DNA Double-Strand Breaks Are a Critical Regulator of Fear Memory Reconsolidation
Jarome, Timothy J.
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Numerous studies have shown that following retrieval, a previously consolidated memory requires increased transcriptional regulation in order to be reconsolidated. Previously, it was reported that histone H3 lysine-4 trimethylation (H3K4me3), a marker of active transcription, is increased in the hippocampus after the retrieval of contextual fear memory. However, it is currently unknown how this epigenetic mark is regulated during the reconsolidation process. Furthermore, though recent evidence suggests that neuronal activity triggers DNA double-strand breaks (DSBs) in some early-response genes, it is currently unknown if DSBs contribute to the reconsolidation of a memory following retrieval. Here, using chromatin immunoprecipitation (ChIP) analyses, we report a significant overlap between DSBs and H3K4me3 in area CA1 of the hippocampus during the reconsolidation process. We found an increase in phosphorylation of histone H2A.X at serine 139 (H2A.XpS139), a marker of DSB, in the Npas4, but not c-fos, promoter region 5 min after retrieval, which correlated with increased H3K4me3 levels, suggesting that the two epigenetic marks may work in concert during the reconsolidation process. Consistent with this, in vivo siRNA-mediated knockdown of topoisomerase II β, the enzyme responsible for DSB, prior to retrieval, reduced Npas4 promoter-specific H2A.XpS139 and H3K4me3 levels and impaired long-term memory, indicating an indispensable role of DSBs in the memory reconsolidation process. Collectively, our data propose a novel mechanism for memory reconsolidation through increases in epigenetic-mediated transcriptional control via DNA double-strand breaks.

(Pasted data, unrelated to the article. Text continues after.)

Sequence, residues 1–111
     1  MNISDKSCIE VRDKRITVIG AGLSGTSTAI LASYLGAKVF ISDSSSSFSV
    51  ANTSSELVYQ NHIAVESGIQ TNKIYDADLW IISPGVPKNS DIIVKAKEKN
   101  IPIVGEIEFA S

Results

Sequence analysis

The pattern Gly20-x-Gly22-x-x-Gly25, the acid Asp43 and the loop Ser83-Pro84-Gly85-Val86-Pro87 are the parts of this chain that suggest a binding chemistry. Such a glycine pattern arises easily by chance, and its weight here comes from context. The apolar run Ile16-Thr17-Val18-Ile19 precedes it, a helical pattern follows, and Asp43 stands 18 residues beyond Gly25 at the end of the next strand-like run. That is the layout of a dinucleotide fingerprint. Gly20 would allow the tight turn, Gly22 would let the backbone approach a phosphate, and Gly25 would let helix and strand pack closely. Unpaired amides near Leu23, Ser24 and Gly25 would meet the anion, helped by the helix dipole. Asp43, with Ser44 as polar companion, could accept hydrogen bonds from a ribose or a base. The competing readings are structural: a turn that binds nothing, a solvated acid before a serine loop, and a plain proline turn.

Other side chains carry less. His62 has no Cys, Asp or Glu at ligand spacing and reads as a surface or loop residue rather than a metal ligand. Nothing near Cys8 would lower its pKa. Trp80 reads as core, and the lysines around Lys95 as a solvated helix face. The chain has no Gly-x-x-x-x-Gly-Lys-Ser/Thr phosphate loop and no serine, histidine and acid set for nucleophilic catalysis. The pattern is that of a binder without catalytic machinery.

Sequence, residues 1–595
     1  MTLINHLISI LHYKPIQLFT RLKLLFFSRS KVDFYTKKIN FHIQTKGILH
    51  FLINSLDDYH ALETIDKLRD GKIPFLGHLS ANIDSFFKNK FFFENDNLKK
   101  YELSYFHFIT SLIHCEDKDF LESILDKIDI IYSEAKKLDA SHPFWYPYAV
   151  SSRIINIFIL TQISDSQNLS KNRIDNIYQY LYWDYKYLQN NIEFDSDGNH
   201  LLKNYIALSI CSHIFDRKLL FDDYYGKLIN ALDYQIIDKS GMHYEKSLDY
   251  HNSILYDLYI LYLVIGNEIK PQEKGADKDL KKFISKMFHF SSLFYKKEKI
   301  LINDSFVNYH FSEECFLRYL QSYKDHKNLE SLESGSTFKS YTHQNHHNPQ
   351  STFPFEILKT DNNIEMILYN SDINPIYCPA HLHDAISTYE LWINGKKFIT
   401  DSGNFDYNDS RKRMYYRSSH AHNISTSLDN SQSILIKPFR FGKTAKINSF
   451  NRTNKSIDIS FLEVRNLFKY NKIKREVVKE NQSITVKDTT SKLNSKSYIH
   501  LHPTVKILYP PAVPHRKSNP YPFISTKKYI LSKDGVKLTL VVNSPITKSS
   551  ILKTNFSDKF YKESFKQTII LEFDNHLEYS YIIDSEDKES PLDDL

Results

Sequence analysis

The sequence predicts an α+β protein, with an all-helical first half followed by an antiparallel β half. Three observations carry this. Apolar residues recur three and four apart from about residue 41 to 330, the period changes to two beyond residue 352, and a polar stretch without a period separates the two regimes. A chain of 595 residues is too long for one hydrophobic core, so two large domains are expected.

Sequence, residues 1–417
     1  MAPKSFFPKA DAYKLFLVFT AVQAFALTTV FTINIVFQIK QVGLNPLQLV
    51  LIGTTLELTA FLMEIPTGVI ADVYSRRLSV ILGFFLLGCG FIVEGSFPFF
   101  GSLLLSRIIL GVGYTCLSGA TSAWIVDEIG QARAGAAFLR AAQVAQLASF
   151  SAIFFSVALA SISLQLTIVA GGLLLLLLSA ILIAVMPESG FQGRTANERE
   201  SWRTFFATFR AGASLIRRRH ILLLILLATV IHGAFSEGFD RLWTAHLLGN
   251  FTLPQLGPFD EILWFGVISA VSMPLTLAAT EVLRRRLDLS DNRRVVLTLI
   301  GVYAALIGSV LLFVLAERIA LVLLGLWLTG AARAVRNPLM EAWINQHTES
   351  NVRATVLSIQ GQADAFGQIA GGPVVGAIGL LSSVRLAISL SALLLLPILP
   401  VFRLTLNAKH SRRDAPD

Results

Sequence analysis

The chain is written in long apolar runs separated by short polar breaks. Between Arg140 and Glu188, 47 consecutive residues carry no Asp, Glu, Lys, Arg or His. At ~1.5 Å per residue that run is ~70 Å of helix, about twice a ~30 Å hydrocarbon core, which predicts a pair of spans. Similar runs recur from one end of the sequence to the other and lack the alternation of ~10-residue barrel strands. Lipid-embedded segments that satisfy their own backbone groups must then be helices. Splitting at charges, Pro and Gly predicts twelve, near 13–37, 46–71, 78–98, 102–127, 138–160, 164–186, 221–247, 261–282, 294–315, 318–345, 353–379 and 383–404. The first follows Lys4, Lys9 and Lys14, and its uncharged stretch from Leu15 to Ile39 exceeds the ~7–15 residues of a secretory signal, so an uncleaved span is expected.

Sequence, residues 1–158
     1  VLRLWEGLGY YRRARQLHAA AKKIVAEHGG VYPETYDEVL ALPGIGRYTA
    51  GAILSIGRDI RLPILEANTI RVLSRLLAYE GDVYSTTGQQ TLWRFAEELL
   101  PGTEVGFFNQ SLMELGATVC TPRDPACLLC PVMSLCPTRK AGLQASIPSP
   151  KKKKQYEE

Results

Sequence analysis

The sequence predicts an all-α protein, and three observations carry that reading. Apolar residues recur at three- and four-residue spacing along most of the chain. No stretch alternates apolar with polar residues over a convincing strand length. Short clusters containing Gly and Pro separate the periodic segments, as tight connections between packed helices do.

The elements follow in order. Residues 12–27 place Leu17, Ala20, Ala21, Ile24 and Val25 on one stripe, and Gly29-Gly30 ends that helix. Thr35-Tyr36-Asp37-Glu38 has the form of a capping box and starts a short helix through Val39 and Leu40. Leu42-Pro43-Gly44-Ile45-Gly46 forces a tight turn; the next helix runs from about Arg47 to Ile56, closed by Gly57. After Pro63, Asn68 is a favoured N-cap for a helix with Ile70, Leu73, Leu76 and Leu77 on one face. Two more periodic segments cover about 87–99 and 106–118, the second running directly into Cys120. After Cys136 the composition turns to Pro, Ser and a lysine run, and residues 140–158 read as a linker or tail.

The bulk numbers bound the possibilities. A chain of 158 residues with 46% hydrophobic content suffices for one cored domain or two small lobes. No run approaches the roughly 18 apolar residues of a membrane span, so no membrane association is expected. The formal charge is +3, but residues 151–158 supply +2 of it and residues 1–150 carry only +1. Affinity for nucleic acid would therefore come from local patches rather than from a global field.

- Destination Area: Adaptive Brain and Behavior (ABB) 
- Journal Articles, Multidisciplinary Digital Publishing Institute (MDPI) 
- Scholarly Works, Department of Animal and Poultry Sciences 
- Scholarly Works, Department of Biological Sciences 
- Scholarly Works, Fralin Biomedical Research Institute at VTC 
- Scholarly Works, School of Neuroscience